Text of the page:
Women are of course very different from men and that means their nutritional needs vary. Clearly balancing female hormones is key to their overall wellbeing.
Magnesium is often low in women and does need to be in good balance with calcium. Magnesium also works as a triad with vitamin B6 and zinc (see below) but is essential in its own right for hormone balance, a healthy nervous system and bone health, plus much more. And stress burns up more magnesium so many women tend to be playing ‘catch-up’ with it.
Magnesium is rich in green leafy vegetables such as kale and broccoli, but also in whole grains (oats are a great source), brown rice and whole wheat foods. Magnesium is also very relaxing and calming so can help if sleep is a problem. Eating about six almonds before bedtime (rich in magnesium) can help overcome sleep issues.
Vitamin B6 is super-important for women because it’s an essential co-factor in many metabolic pathways, especially relating to hormone production. Additionally, it’s needed to process key neurotransmitters essential for balanced mood and motivation, which are closely affected by hormonal fluctuations.
Vitamin B6 is needed for production of progesterone (a key female hormone), plus to aid detoxification processes of the liver in order to excrete ‘old’ hormones. Vitamin B6 is water-soluble so needs to be eaten regularly, but is readily available in poultry, fish, bananas, soya produce, oats and wheatgerm, so there’s plenty of choice.
Often referred to as the ‘beauty vitamin’, biotin is essential for protein synthesis, key for building hormones and keeping the skin fresh and healthy. Biotin also helps to stimulate production of keratin which is the key protein in hair. Unfortunately, it’s not uncommon for women to have thinning hair (we generally only think men suffer), so having additional biotin in the diet and via supplementation can often be very successful in rectifying the problem.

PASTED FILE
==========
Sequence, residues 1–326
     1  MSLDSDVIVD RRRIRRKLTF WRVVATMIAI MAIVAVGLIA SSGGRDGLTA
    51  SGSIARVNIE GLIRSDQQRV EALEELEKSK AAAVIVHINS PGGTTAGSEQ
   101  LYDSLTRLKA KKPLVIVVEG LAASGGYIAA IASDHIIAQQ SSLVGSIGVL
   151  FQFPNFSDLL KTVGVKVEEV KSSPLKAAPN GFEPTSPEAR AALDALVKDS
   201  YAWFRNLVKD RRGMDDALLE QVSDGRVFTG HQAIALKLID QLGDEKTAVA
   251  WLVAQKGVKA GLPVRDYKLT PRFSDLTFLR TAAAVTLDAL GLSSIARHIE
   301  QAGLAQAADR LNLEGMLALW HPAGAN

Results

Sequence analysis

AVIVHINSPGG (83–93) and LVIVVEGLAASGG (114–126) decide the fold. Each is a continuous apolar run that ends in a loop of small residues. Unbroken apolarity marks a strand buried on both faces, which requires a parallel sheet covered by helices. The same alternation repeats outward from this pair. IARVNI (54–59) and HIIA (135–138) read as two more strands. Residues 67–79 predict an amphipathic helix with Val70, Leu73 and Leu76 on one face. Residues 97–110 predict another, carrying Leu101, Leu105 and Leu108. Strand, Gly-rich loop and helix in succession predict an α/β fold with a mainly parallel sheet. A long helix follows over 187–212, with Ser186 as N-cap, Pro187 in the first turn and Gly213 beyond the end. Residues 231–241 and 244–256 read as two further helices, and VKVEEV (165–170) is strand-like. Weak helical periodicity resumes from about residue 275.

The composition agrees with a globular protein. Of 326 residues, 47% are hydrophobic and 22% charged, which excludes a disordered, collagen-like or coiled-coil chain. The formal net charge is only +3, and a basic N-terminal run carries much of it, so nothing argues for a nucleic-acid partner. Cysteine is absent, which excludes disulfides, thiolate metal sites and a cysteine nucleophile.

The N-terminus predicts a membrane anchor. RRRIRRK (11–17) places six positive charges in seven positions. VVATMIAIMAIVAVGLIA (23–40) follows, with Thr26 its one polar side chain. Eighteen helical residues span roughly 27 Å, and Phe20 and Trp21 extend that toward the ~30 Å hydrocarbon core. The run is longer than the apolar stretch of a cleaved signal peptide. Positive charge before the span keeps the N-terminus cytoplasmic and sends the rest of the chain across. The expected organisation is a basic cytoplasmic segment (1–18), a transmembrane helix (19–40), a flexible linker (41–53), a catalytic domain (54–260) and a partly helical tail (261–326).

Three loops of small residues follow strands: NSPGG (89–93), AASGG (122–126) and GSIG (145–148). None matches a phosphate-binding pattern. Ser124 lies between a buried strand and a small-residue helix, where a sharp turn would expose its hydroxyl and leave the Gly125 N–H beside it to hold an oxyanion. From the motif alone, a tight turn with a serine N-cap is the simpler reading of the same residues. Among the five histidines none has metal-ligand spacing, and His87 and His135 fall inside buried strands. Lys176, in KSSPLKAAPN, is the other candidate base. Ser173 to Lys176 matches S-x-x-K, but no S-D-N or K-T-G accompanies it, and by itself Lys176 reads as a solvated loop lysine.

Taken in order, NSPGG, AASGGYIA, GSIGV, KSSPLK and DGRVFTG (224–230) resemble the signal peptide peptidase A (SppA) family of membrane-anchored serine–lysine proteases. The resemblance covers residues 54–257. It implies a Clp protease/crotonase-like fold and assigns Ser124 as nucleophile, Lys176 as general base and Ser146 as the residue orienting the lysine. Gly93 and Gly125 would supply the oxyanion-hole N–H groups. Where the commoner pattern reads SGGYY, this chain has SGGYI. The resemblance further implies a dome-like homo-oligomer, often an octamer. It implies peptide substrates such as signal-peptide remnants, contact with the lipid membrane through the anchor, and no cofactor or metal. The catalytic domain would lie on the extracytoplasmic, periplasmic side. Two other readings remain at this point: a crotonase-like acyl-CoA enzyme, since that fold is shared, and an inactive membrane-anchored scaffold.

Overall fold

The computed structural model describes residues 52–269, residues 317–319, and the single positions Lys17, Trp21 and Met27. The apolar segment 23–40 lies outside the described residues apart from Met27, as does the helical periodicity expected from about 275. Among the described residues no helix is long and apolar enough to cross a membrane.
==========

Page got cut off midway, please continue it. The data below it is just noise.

Foods rich in biotin include eggs (poached egg on whole grain toast makes a great start to the day), organ meats, nuts, seeds, sweet potatoes, red meat and fish.
Zinc is probably the busiest mineral of all because it’s involved in over 200 different enzyme reactions within the body. Whatever the body is doing, zinc will be needed somewhere. However, for women, it’s very important for fertility and reproduction because it’s needed to synthesis their key sex hormones. Additionally, zinc is a powerful antioxidant so helps to produce healthy eggs but is also essential for cell division, a key part of the conception process.
Zinc has been found often deficient in women, especially teenagers and those of child-bearing age, who are responsible for bringing the next generation into the world. Red meat is a great source, hence a possible reason for deficiency, but other great sources are beans, nuts, whole grains, seafood (especially oysters) and most cereals.
Whilst chromium is widely available in many foods (although it tends to be in whole grain sources), it’s essential for blood sugar balance which affects all other hormones. Interestingly, women with some of the more difficult hormone issues generally have problems balancing blood sugar levels, making mood swings more of an issue too.
Additionally, in research, chromium has been shown to help women with polycystic ovaries, the most common hormonal disorder affecting those of reproductive age. These ladies generally have issues with blood sugar control, which chromium can help to improve. As well as whole grains, chromium is rich in green vegetables, poultry, many fruits and dairy products.
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